BMW’s leave the factory with rubber guide pin bushings in their calipers. The bushings are the contact sleeves for polished caliper guide pins, which are used to mount the calipers to the caliper carriers. The guide pins allow the caliper body to self-center as the brakes are applied, dividing braking force evenly between the inner and outer brake pads. OEM rubber bushings are somewhat compliant and selected because they provide a brake feel that is considered to be suitable for the average motorist who uses the car as a daily driver.
When the rubber bushings wear or compress, however, braking response can turn from pleasant and effective to soft and unpredictable. Bushing bores enlarged by wear and compression can let the caliper body rock on its slide pins. This reduces braking efficiency and often leads to uneven pad wear.
Even if the stock rubber bushings are not worn or hardened, motorists who take their car to the track for the occasional “spirited” driving session, may find brake pedal feel and braking performance below expectations, even if they have upgraded to premium brake pads and rotors.
One option for brake repair and performance upgrade is to replace the original equipment rubber with bushings made of bronze. The inner bore of the bronze bushing is precision machined for a tight fit, so calipers slide smoothly on their pins, without rocking. This gives the brake pedal a harder and more responsive feel. For this installation, we will be using a BMW 540i, but the procedure will be relevant for all applicable vehicles.
Removing the Stock Rubber Bushing:
1⁄2” Breaker Bar, 17mm Socket, Wheel Hanger
Safely raise and support the vehicle, then remove the front wheels.
The photos in this installation may not represent your application, they are meant to be used as a guide.
Flat Blade Screwdriver
To remove the caliper spring clip, pry back slightly to take the tension off of the spring, then pop its arms from the holes in the caliper (arrows).
Flat Blade Screwdriver
Gently pry the black protective caps from the ends of each rubber guide pin bushing, there are two per caliper.
3⁄8” Ratchet, 7mm Hex Bit Socket, Caliper Hanger
Loosen and remove both guide pins from each caliper, then pull the caliper body off of the rotor, and remove the brake pads from the caliper. Finally, hang the caliper from the strut to protect the brake hose.
TECH TIP: If the bushings are dry or have heavy accumulations of road salt and dirt, the guide pins can be hard to remove even when screwed all the way out. It may be necessary to help them along with pliers in extreme cases.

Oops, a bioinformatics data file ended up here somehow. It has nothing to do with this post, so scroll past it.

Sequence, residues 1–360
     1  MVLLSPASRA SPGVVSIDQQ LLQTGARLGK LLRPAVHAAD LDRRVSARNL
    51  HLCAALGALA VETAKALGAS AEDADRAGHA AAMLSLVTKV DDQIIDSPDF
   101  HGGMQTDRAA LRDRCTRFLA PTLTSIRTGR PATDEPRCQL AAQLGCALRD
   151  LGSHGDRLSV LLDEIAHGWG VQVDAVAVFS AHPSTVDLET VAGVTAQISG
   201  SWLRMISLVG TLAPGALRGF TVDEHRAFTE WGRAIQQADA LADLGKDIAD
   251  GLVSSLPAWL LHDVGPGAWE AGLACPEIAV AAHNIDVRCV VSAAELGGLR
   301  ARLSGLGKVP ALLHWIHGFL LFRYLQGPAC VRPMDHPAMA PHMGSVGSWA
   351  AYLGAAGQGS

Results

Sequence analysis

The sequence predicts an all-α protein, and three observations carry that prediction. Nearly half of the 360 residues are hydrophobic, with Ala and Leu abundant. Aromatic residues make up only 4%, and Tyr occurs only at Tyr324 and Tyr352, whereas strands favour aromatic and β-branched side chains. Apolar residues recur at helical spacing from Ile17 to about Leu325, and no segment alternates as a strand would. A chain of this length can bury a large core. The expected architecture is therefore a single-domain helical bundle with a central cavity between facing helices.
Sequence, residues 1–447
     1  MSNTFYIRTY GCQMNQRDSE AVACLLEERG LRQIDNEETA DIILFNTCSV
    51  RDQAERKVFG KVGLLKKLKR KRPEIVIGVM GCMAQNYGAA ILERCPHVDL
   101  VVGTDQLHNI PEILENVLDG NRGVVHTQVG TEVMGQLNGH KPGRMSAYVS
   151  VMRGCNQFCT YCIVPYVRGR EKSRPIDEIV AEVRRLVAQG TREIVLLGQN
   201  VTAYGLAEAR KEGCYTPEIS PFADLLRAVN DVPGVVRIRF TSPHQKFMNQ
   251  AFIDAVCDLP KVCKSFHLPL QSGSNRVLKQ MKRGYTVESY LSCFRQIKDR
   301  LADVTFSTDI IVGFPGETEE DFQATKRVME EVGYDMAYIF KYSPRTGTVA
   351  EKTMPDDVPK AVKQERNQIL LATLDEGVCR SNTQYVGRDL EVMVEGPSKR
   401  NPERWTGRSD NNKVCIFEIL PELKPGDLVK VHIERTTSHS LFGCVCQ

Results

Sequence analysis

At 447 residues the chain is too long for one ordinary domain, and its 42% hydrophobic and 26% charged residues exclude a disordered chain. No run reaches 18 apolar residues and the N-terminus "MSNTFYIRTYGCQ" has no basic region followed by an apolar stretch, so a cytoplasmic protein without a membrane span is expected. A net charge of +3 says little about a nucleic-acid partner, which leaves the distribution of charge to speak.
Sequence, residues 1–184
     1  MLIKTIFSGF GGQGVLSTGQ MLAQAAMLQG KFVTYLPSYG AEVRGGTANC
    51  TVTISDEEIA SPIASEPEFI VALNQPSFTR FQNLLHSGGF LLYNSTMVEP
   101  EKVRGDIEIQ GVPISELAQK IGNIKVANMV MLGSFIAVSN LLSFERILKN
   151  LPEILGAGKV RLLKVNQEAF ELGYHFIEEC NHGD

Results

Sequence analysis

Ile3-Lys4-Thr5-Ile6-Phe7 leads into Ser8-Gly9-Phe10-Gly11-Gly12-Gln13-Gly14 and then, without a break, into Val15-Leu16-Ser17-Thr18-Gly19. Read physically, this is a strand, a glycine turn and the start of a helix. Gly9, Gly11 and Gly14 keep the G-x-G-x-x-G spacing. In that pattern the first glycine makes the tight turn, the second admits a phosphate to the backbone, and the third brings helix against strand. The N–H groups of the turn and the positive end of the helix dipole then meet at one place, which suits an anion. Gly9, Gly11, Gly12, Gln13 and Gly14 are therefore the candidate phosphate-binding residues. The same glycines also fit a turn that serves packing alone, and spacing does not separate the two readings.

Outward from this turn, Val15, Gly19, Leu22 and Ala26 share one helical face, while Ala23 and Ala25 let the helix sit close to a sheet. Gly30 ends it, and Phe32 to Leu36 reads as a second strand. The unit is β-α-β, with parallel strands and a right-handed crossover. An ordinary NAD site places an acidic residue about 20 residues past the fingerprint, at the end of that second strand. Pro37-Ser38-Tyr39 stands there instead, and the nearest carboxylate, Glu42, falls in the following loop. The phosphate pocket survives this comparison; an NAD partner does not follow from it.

Remove the old bushings from the caliper by grabbing the rubber, then twisting and pulling them out of their bore. Note how much rust has accumulated between the bushing and the caliper (arrow).
Note: We have removed the caliper from the vehicle to provide better photos for these instructions, but in most cases, you can remove and install the bushings with the brake hose still connected, eliminating the need to bleed the brakes afterwards. Please ensure that the caliper is suspended properly during this installation and is not hanging from the hose.
Wire Brush or Small Sanding Barrel, Die Grinder
File or sand the bushing bores in the caliper (arrow) to remove any rust or corrosion, the end result should be a clean, shiny bore hole. The new bronze bushings are designed to fit precisely inside the bore with no play, so be careful to not remove any metal while removing the rust or corrosion.
CAUTION: Failure to properly clean the bore can cause the guide pins to stick inside the bushings.
Installing the Bronze Bushings:
Performance Caliper Guide Bushing Installation Tool Set:
For ease of installation, we have developed a toolset specifically for this job. It is available on our website at ES#3154107, and it contains all of the components to install the bushings into either iron or aluminum calipers.
NOTE: The bronze bushings are a “press fit” part, which means they will not slide in without some sort of mechanical assistance.
CAUTION: Due to the soft nature of bronze, use of the Performance Caliper Guide Bushing Installation Tool Set is HIGHLY recommended to prevent damage to the bushings.
Iron or Aluminum Brake Calipers:
Before you can install the new bushings you will need to determine what material the calipers are made of, either iron or aluminum. Iron calipers are magnetic and are usually rusty if they are not painted. Aluminum calipers will not rust and are not magnetic so you can tell them apart easily.
Installing the Bronze Bushings – Iron Calipers:
Prepare for the bushing installation by aligning the bronze bushing with the caliper bore and positioning the tools as shown. Once all of the components are in place, the c-clamp can then be threaded in slightly to hold everything in position.
NOTE: Be sure to install the short and long bushings in their proper locations (if applicable).
NOTE: Be sure to line up the notches on the bushing and the insert with the caliper piston as shown in the inset photo. This will prevent them from tearing the piston boot as they are installed.